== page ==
Quinn Allan


Today’s business world is changing fast. Finance functions have to adapt like anybody else by ensuring they prepare for the risks that change can bring. However, McKinsey’s Value and Resilience report concludes that risk management has not kept up with business change. They say risk management is underdeveloped.

So, no matter how resilient you think your finance function is, how can you maintain their strength in an ever-changing landscape?

Stay on top of digital transformation

Don’t stop looking at how you can keep improving and adapting.

Most finance functions that are resilient to change have already kept up with digital transformation. But don’t stop looking at how you can keep improving and adapting.

Decision makers expect faster information and new ways of analysing the company health across integrated platforms. You might have the latest in financial software, but does it allow you to plot your data against other departments, such as the marketing team? This kind of integrated, collaborative approach to digital transformation is just one example of what it takes to keep moving forward.

Predict and expect regulatory changes

Finance rules and regulations change, as does best practice. Auditors expect finance functions to hit higher targets, work smarter and better protect their customer data all the time.

While your team may have hit today’s targets, you never know what kind of change is coming next. By analysing and sensing changes in the regulatory landscape, you can adapt your systems to reflect best practice well before it becomes regulation. This means you’re constantly adapting, rather than standing still until something changes, which involves a huge investment of both money and other resources.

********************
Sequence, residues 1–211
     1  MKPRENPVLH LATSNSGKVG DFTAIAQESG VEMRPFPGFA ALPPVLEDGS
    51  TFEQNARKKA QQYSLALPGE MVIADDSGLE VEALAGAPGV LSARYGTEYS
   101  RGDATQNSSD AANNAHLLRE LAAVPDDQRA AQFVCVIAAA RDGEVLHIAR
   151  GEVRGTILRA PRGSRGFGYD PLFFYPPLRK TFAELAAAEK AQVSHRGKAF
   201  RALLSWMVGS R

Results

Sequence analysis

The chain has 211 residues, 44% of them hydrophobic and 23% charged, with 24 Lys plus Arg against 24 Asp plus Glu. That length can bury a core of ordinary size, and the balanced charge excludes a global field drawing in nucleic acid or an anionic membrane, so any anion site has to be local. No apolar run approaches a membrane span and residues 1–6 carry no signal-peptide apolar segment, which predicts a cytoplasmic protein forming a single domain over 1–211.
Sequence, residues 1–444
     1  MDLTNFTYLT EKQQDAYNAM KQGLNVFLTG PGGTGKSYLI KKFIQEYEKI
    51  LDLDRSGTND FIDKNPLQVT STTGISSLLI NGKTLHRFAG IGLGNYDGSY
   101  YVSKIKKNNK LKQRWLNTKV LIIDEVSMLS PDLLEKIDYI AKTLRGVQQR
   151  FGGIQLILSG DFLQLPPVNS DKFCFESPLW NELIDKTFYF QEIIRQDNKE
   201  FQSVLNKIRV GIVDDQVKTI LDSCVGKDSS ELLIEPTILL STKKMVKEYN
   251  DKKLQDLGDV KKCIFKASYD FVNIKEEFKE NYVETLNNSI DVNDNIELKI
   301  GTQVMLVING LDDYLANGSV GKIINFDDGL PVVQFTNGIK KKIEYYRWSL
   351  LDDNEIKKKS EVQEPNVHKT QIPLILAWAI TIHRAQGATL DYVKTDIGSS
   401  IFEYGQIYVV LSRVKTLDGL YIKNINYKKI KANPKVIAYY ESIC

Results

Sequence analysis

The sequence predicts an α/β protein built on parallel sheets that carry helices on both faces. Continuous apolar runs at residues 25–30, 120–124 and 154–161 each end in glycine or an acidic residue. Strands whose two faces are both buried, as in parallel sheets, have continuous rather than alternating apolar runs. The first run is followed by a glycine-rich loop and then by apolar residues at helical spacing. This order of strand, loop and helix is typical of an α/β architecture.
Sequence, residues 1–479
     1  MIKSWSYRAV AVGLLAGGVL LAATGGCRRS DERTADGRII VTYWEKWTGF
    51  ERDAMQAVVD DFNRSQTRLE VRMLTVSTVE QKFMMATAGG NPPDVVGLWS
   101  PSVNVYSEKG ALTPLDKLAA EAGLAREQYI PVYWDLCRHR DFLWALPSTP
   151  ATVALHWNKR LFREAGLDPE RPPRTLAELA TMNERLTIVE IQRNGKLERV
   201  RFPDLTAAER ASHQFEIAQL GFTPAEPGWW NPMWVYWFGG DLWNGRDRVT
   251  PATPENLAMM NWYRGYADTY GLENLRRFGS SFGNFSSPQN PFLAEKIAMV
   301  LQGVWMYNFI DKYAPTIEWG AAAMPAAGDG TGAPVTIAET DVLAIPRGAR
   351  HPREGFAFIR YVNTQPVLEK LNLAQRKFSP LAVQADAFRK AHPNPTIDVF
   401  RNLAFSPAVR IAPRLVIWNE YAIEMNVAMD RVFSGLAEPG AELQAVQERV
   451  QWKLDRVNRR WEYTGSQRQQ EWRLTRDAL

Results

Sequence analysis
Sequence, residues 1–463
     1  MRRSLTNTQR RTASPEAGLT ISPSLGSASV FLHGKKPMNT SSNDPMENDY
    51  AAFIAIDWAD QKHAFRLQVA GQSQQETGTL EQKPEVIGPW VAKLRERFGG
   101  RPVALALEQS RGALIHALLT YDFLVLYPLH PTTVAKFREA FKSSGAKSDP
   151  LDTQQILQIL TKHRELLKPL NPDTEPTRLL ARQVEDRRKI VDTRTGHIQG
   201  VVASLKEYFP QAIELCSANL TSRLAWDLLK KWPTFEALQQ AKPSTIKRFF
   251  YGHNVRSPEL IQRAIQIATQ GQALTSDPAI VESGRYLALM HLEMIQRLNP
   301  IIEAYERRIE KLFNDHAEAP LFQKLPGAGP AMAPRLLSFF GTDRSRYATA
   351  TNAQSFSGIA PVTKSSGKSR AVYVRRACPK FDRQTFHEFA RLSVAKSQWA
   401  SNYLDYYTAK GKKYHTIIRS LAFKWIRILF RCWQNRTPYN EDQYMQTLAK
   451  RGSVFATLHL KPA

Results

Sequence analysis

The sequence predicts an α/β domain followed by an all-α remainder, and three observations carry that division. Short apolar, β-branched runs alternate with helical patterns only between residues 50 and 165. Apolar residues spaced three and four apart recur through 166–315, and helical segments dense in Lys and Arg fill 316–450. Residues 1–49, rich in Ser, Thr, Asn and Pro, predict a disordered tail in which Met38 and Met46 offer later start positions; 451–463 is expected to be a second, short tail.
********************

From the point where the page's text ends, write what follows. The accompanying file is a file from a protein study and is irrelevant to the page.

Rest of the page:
Finance functions must develop ways of constantly looking ahead to predict risk and change.

Take a broad view of potential risks

For your finance function, risk comes from all angles. From political change and geographical circumstance, to compliance and many more – it doesn’t matter where the risk comes from, it can have significant impact if an organisation isn’t looking out for it.

In fact, the Australian Goverment’s Organisational Resilience report asserts that it’s accepting that not all risks can be identified and that risk is to be expected, that makes a team resilient in the first place. However, resilient functions should have an approach to business that means you have a greater chance of recovering from disruption when it does happen.

In practice, this means that finance functions must develop advanced approaches to identify what risks they may face and then develop plans to react and protect no matter the disruption. They must build a line of defence, knowing what resource they’ll turn to when change is needed.

Leaders must have the capability and experience to identify what risk is for their team.

Leaders must have the capability and experience to identify what risk is for their team, business and industry before it arrives. However, those at the centre of the day-to-day operations should also be aware of what’s happening, how they can better protect their practices.

The Australian Government describes resilient teams as “those which have developed their approaches to the management of risk to the point that they have an almost organic capacity to respond to, and even capitalise upon, change whenever it occurs.”

Will your finance function be ready when risk arrives?